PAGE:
Are you busy ordering up this year’s plants for the garden? If so, consider some of these long-blooming perennials that look great long past summer’s dog days.
- Hollyhock mallow ‘Mystic Merlin’ (Malva sylvestris ‘Mystic Merlin) offers up 2-inch blooms in shades of purple, mauve, and blue from early July until frost. Unlike traditional hollyhocks that bloom on a stalk, ‘Mystic Merlin’ produces flowers atop bushy foliage that can grow 4 feet tall. Zones 4 to 8.
- Blanket flower ‘Fanfare’ (Gaillardia ‘Fanfare’) is no ordinary blanket flower. Each flower petal on this compact plant flares out like a miniature trumpet in hues of red, orange, and yellow. Blooms last from late spring through fall. Grows 18 to 24 inches tall. Zones 3 to 9.
- Yellow corydalis (Corydalis lutea) really pulls its weight in shade gardens. Lacy foliage is topped by dainty golden flowers. Blooms from late spring through fall. Grows about 15 inches tall. Zones 5 to 7.
- Geranium ‘Rozanne’ (Geranium ‘Rozanne’) was named Perennial Plant of the Year in 2008. Violet-blue blooms top masses of finely textured foliage and last from early summer to frost. Grows 16 inches tall. Shear back in mid summer to increase bloom. Zones 4 to 8.
Q: Is it true that I should cut the roots of plants before I plant them, especially if they’re rootbound?
A: Good question. This one gets debated a lot. You know you’ve got a rootbound plant when you tip it out of its container and matted roots are more prevalent than soil. Wrapped in a tight ball, the roots usually circle the bottom of the plant because they’ve had no place else to go and the soil around them has broken down. It is best to separate the roots as best you can before planting, and that probably means cutting out some of the most matted parts.
Being rootbound puts a lot of stress on growing plants because they lack the nutrients they need to thrive. If you don’t try to correct the situation at planting time, those plants are likely to be stunted. They may even fail to grow much at all or even die. The debate comes in over whether to slice the roots on the sides of container-grown plants whether they are rootbound or not. Studies have indicated that the practice doesn’t help but many gardeners think it does. So you might want to try experimenting with that yourself.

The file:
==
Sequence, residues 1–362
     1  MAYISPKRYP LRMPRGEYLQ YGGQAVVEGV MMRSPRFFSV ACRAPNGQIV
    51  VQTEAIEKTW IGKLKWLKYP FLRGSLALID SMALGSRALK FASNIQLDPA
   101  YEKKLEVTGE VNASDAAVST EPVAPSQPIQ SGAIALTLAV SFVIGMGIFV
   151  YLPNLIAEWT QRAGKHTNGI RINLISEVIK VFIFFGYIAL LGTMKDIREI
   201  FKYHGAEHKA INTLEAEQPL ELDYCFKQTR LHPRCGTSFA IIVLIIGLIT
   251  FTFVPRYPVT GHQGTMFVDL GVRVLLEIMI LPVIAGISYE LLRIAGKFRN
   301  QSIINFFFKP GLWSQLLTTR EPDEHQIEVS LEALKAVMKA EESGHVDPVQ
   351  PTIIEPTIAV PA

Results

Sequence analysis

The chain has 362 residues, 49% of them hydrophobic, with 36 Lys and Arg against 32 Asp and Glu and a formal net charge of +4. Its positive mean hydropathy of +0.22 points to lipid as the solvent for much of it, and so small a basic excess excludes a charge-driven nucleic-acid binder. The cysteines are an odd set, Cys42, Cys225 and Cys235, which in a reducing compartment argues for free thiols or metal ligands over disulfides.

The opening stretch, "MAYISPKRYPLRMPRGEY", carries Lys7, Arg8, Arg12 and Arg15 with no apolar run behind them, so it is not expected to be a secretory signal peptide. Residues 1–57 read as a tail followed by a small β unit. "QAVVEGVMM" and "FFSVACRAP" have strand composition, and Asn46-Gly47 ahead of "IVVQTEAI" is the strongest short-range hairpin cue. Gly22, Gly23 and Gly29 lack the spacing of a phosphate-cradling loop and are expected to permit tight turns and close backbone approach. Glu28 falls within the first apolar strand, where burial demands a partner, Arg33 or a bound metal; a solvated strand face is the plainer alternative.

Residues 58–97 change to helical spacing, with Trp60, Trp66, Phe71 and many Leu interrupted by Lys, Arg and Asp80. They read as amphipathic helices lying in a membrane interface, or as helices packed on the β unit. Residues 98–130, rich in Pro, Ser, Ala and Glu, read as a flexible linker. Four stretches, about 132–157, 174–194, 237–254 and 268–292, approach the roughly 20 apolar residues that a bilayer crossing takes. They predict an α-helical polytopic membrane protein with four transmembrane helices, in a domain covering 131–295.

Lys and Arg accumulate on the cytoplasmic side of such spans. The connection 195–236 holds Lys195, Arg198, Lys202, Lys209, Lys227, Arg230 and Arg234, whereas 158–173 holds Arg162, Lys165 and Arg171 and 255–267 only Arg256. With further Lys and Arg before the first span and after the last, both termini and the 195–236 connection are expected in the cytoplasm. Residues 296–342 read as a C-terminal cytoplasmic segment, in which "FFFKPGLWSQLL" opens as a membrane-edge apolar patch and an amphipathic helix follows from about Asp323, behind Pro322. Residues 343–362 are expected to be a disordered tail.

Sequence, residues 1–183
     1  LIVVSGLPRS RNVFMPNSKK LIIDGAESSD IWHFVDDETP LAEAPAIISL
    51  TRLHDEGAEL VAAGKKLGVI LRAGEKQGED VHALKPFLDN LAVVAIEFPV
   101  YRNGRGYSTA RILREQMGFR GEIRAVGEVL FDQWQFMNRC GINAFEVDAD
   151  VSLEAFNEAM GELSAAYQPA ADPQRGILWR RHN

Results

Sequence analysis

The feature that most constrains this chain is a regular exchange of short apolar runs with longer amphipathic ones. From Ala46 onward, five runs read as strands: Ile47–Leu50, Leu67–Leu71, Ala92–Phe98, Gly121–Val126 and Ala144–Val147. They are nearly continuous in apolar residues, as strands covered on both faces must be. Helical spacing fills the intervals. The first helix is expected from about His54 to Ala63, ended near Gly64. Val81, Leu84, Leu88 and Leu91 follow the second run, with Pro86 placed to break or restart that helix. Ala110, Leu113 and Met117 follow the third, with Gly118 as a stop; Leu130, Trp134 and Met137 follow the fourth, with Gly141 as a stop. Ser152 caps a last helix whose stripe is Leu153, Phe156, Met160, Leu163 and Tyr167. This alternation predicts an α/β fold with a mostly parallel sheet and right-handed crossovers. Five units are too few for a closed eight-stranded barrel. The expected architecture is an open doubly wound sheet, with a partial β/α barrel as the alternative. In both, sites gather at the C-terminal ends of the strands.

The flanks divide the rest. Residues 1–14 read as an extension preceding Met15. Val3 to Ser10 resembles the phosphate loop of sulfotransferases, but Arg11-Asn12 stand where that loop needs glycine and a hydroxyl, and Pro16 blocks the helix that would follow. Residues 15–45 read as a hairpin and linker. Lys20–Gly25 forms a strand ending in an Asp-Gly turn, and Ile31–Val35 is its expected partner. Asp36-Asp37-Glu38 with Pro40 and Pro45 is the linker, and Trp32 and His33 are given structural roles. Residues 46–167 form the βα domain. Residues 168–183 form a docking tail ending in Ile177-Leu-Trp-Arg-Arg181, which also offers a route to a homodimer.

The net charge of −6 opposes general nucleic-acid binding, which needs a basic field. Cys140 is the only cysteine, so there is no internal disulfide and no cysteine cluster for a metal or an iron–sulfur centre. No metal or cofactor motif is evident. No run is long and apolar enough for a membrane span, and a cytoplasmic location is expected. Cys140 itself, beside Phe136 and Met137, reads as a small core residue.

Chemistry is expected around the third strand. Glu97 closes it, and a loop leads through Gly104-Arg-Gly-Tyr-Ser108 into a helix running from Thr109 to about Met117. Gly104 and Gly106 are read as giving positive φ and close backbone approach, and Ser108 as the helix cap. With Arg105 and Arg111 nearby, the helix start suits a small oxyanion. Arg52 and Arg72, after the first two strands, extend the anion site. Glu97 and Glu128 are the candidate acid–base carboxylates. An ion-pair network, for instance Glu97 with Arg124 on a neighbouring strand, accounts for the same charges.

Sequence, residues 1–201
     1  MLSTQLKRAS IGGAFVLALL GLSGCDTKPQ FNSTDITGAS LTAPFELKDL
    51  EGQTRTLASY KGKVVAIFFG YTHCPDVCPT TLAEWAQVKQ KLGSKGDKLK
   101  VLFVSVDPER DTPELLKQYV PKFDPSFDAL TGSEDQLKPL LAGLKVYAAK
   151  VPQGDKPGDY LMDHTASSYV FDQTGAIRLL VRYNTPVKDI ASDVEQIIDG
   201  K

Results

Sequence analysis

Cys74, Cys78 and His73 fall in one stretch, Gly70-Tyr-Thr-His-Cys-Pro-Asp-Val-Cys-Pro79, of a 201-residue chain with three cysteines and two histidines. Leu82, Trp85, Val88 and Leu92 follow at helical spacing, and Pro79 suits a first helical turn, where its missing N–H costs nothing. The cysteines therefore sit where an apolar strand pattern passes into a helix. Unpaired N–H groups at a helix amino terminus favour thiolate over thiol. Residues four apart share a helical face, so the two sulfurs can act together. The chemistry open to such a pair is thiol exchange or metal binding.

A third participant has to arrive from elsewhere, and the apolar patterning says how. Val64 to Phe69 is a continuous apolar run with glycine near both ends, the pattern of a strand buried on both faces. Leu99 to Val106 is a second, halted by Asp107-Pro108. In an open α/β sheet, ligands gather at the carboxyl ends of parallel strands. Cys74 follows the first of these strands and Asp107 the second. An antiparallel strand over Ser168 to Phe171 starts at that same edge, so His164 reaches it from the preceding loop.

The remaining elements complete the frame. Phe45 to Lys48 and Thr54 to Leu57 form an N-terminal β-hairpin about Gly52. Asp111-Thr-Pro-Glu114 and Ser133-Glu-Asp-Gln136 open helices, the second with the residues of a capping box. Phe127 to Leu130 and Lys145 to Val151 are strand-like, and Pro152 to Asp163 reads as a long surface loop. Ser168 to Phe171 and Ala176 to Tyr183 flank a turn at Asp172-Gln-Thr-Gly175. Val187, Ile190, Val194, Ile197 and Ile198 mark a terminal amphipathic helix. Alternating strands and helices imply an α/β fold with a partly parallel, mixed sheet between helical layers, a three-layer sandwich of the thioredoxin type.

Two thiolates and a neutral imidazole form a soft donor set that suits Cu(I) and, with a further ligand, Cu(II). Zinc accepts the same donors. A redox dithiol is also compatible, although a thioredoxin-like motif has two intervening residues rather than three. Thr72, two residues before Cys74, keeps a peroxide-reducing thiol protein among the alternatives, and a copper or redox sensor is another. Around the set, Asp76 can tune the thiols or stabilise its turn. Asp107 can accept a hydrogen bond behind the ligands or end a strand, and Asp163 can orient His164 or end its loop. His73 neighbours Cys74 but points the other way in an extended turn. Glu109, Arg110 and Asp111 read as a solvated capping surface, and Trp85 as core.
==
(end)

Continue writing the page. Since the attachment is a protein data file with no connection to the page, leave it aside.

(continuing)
How to get a repeat performance out of tulips is always a hot topic in the spring. The truth is, most hybrid tulips just don’t come back year after year the way we’d like them to. That’s why some gardeners treat tulips as annuals, planting them in the fall and digging them up and tossing them into the compost pile once the blooms fade.Read More»
This time of year, many homeowners and county forestry departments move quickly to remove dead, dying, and diseased trees. Years ago it was common practice to pull stumps, but now grinding is a more popular strategy.
Grinding is nice because the stump is gone and the surrounding area goes unscathed for the most part. The only problem is that if the stump is not fully removed, there can be a lot of dead wood left in the ground. As it decays, microbes in the soil will multiply rapidly to feed on the decaying matter. This increase in microbes causes more and more nitrogen to be used up, temporarily depriving grass and other plants of the nutrients they need. Keep an eye on this and fertilize if need be.
If a stump is not ground out deeply enough, you can hasten the decomposition process by removing as much of the bark, grindings, and sawdust as possible. You can also try adding additional nitrogen to the area, which will help speed up decomposition and reduce the amount of yellowing and stunted growth on surrounding plants. Even with added nitrogen, though, it is unlikely that grass will grow well in that spot for several years.
As you can see by the title this column is all about shearing and how taking time to do it will keep garden plants from doing a face plant in late summer. But first, I want to send out a little public service announcement. As you may know, when shopping for perennials you want to look for plants marked as being hardy in our unbelievably cold Zone 4 (-30 degrees F) climate. Otherwise, you can’t count on seeing them the following year.
Some gardeners are willing to take a chance on a Zone 5 plant they really love like Japanese maple, say, or butterfly bush, figuring if it dies it dies but if it lives — great! But you shouldn’t have to take a risk if you don’t want to, and that’s exactly what’s happening when we buy plants with misleading tags. Truthfully, no season goes by that I don’t see some mislabeled plants at garden centers, even really good ones. But this year I’ve been hearing from many gardeners that there are a LOT of mislabeled plants out on shelves, particularly at big-box stores where plants are often shipped in from the South.Read More»